Introduction: PROLOGUE - 1/4

I've always been something of a loner. That's why I volunteered for the mission. Yet this empty world below scared me.

We came in over Florida. By now I knew this had to be Earth. The broad facilities of Canaveral were nothing more than a grassy field, but the outlines were there, and the monuments of the early launch facilities seemed to be in good repair. Only after we landed could I see that their preservation was less than perfect.

I walked around, poking into the few remaining buildings. All were empty and silent. Gulls circled overhead, small animals moved in the underbrush at the edge of the meadow; birds sang. I found a terminal of unknown design in a building. Nearby was a small cap with the words "Mindlink XV3-2044." I put it on but nothing happened. The terminal was inactive and I could find no way to change that. It had no screen, no keyboard, only what I took to be a holographic projection platform and this cap. I'm not even sure it was a terminal.

Gyges (gye￿jeez) has been remarkably little help. All her expert systems, all her powerful AI functions, seemed helpless, so I asked her to go over ship's log.

Our trajectory went according to program. We approached 87.79% lightspeed within the first five years subjective travel. Then something interrupted the program. Gyges is unable to analyze what. A broad swatch of datastorage seems to be wiped. A proton flux? Magnetic anomaly? The Scoop performed according to design. Speed increased to 93.45% C, then to 94, 95, 96, 97. Time dilation began to affect the circuits in ways Gyges could not determine.

We never reached 61 Cygni.

I listen to audible representations. Mostly it is the hiss of high speed data, the shrill chatter of bits flowing in the superconducting circuits. Why do I do this? I do not know. There is nothing else to do.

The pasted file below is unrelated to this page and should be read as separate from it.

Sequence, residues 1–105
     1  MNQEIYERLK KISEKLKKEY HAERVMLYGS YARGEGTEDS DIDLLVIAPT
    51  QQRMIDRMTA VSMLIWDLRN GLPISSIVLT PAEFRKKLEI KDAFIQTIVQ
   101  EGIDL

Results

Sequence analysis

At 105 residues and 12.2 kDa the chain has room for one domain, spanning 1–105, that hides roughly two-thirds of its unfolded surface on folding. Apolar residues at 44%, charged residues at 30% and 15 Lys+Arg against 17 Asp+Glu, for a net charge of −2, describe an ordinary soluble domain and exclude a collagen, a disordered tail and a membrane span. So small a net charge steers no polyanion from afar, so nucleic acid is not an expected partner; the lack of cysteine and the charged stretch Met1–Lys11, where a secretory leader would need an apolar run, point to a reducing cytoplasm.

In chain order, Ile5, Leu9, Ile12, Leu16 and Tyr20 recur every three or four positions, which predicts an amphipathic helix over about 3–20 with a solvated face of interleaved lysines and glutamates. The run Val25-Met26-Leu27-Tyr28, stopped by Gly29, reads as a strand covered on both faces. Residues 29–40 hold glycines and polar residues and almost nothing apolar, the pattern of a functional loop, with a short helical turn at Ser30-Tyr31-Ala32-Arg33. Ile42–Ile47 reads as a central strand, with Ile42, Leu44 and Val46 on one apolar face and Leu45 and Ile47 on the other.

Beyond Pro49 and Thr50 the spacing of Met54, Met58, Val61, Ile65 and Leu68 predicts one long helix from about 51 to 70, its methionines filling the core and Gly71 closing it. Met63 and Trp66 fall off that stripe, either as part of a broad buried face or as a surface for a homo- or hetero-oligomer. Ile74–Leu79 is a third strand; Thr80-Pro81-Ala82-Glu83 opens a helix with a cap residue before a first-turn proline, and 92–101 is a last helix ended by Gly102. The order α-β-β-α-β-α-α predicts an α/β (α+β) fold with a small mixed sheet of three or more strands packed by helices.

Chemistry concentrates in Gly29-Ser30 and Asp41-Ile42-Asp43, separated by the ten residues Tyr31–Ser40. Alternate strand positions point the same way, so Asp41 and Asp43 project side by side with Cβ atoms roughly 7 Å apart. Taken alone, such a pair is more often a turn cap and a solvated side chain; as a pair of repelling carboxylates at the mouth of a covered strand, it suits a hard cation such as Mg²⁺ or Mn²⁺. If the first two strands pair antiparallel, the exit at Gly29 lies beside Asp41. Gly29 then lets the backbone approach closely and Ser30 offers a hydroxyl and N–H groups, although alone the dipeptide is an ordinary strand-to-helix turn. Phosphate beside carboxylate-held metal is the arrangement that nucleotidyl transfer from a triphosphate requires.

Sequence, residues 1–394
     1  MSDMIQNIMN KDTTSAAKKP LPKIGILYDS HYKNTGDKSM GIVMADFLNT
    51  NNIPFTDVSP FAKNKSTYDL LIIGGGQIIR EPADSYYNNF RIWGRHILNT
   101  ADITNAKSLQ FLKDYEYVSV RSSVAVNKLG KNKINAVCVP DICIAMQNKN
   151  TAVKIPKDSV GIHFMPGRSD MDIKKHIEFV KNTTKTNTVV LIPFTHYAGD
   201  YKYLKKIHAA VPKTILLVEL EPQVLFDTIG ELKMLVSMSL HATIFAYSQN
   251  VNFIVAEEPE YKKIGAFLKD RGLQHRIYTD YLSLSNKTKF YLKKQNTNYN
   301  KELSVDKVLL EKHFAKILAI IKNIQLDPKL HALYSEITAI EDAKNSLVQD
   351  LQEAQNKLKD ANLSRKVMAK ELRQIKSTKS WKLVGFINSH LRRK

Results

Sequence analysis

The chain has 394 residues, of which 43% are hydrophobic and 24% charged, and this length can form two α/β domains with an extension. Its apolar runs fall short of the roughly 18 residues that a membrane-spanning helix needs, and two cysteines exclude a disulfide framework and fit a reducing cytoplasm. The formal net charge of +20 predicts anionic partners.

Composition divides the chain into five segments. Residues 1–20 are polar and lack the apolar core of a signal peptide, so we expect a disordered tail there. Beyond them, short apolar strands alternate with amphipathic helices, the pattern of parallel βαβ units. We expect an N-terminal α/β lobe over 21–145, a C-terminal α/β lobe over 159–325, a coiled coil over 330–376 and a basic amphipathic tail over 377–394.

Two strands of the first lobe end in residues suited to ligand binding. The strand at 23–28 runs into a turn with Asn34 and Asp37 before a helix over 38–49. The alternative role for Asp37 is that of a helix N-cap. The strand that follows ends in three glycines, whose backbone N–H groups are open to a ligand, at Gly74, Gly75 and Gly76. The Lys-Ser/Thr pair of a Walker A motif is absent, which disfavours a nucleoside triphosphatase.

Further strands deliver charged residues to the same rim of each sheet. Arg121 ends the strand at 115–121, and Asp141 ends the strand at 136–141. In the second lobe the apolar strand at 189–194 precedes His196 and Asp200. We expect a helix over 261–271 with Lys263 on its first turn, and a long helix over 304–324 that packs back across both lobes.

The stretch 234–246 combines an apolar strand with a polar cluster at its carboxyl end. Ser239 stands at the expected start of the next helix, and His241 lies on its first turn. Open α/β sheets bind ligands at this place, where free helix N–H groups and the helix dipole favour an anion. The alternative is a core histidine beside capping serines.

Once I thought I heard something. I asked for slower and slower replays. I tried filtering and modulating the sounds. It was almost like music, a chant or patterned polyphony. I moved the frequency up and down.

I heard what I thought must be a name: Peter Devore.

I must have been mistaken, yet the name was there, hidden in the chittering data, clearly enunciated. I listened to it over and over again. Then I went outside again.

It was a warm spring day. A light breeze came in from the ocean. The air was clean and bracing with salt and ozone. It was so very like the day I had left this field for Alice Springs (how many years ago?) that I felt a strange sense of disorientation. It was as if, for me, everyone and everything familiar had vanished overnight.

Gyges sampled all available frequencies, all available channels.

There was no one in the world, so I lifted the ship and moved slowly over the face of the earth, looking for...I do not know what I was looking for.

Where Washington D.C. once sprawled beside the Potomac (only yesterday!) was a scattered parkland with ancient monuments: the Lincoln Memorial, the Washington Monument, the Capitol building. The Pentagon was just an outline, a pentagonal berm covered with grass.

In the Library of Congress building I found a map called Intercorp World Administrative Regions Archival Hardcopy, with a date: August 14, 2077. The map includes what appears to be an organizational chart for the Intercorp Council.

I don't recognize any names. But I found also an outline of twenty-first century history. My own departure is listed for 2004. Monday, May 24. One of the first hypersonic salt-cycle suborbitals took me up the Gyges scoop. It's all there. The newsnets at the time carried live coverage of the scoop going operational. By the time I'd left Mars orbit I was all but forgotten. So many other things seemed to be happening in the world.

In the entry for Thursday, February 5, 2076. "Gyges 61 Cygni single man explorer telemetry ceased as of this date. Signal attenuation indicates system shutdown. Presumed lost."

That's all. "Presumed lost." No effort to understand what happened.



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